Something I’ve learned: Developers have better lawyers than the city. They tend to get whatever they want. Something else I’ve discovered through this process of investigating properties is that developers plan for the long game, sometimes decades in advance. This plan has been in the works since the beginning. I heard talk of it 9 years ago, but dismissed it as a fantasy. But the fantasy now has an architect’s rendering.


Recently I did something I’ve never done before as an advocacy journalist. Normally I research a story, write it up, publish it, and then promote the finished article. This time, while still researching this article, I went to the neighbourhood Homeowners’ Association [HOATA] and passed around the architectural rendering you see here. I challenged them to fight this project with everything they have otherwise the gentrifiers win and the neighbourhood loses.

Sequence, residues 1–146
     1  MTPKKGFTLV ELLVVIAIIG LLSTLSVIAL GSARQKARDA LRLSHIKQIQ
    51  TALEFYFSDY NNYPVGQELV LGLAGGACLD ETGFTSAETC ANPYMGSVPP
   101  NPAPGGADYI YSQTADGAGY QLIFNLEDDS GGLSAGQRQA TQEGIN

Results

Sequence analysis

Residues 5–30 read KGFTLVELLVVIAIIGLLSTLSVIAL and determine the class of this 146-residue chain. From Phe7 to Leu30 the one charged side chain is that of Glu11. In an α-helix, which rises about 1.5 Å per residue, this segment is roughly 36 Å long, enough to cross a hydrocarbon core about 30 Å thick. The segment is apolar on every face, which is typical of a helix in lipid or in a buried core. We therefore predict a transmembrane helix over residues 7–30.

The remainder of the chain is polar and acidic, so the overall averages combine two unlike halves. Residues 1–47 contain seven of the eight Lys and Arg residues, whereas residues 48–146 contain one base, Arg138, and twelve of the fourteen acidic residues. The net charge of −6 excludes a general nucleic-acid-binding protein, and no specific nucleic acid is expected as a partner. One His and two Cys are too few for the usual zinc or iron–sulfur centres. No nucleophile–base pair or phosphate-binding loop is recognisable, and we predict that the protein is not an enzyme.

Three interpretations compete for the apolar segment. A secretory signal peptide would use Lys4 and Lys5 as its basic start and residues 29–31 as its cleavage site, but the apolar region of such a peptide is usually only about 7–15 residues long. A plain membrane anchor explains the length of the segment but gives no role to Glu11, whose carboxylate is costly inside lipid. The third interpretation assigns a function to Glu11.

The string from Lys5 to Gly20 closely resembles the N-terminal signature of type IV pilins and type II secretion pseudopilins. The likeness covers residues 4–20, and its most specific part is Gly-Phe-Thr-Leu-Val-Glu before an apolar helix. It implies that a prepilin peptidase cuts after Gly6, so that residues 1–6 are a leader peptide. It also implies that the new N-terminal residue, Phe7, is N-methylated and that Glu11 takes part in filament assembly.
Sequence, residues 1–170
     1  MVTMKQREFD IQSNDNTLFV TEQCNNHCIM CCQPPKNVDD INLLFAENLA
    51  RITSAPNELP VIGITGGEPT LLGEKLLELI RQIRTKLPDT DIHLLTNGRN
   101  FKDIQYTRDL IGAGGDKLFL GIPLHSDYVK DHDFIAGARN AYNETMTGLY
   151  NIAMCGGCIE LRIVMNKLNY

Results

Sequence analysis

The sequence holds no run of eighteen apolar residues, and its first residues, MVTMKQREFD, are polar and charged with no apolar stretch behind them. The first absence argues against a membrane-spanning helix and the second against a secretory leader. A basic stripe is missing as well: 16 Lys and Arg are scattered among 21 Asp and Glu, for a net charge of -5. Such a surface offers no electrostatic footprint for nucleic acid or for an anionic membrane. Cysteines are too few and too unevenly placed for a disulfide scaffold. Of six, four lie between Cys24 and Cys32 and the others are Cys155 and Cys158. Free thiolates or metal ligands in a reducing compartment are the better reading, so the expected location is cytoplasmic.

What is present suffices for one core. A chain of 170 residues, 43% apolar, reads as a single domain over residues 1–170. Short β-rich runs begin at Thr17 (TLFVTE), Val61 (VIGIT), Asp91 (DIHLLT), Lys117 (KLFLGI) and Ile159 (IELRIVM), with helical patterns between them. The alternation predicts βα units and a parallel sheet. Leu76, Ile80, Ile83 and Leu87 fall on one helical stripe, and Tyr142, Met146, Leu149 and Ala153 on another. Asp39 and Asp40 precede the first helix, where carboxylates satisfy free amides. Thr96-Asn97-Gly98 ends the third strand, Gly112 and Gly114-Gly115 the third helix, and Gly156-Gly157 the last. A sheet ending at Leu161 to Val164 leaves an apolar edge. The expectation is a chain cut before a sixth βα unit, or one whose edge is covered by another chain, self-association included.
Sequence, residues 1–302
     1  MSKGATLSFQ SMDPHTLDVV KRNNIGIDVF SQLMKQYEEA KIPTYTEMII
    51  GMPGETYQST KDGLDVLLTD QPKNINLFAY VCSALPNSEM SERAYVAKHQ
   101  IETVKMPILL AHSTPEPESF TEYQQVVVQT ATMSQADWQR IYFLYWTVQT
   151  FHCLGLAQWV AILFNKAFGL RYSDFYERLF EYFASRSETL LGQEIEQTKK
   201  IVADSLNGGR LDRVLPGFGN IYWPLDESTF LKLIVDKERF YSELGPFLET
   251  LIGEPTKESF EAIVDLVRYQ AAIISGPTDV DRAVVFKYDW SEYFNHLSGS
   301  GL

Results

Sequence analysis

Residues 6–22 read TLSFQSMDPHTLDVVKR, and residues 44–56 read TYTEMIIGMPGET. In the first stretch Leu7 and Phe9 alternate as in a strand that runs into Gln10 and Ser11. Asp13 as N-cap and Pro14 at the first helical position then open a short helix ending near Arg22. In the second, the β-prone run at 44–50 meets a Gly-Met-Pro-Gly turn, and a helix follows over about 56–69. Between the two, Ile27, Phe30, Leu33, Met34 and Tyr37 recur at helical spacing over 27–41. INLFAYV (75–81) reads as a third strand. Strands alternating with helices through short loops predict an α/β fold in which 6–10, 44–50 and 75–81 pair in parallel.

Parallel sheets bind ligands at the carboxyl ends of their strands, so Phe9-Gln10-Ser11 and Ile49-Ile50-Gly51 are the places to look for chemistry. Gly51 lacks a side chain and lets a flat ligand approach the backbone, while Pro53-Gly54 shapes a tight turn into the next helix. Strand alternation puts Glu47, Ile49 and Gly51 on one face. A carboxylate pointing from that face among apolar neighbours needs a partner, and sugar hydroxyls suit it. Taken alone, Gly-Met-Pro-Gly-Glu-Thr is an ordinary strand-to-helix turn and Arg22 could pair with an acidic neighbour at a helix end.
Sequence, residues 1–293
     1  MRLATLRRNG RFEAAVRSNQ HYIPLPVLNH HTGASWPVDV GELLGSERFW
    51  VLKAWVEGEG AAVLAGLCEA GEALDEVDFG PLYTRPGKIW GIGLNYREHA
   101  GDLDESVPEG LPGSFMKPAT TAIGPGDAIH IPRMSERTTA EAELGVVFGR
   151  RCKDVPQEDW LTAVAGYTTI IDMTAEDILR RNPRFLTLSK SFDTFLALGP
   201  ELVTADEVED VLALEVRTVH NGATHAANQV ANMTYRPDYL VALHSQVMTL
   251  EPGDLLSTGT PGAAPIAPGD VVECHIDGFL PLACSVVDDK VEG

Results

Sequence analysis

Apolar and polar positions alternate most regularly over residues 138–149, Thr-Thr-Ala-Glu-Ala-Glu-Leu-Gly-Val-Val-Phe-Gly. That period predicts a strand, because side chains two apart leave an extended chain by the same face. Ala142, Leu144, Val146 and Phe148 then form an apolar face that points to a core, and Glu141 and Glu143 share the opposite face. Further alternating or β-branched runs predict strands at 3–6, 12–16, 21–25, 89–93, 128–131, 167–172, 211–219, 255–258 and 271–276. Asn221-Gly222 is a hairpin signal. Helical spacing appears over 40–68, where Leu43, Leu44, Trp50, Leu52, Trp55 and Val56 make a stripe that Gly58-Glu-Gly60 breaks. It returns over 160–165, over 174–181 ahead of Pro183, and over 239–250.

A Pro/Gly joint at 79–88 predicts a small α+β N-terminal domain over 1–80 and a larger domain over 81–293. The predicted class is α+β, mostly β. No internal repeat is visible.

• The developers will use conditions it created — just like they did on the Stirrup House — as the reason to argue for redeveloping these fallow lots;
  • The developers will use the height of the Monstrosity to argue this hotel is not too big for the community;
  • The developers will argue they need not plan for on-site parking because the Miami Parking Authority is planning a huge, honking parking garage right next door as part of the Coconut Grove Playhouse redevelopment project;
  • People [that I won’t name yet] who claim to protect the neighbourhood will come out in support of this massive development (if they haven’t already in secret talks) because they have dealings with these developers in other parts of Coconut Grove;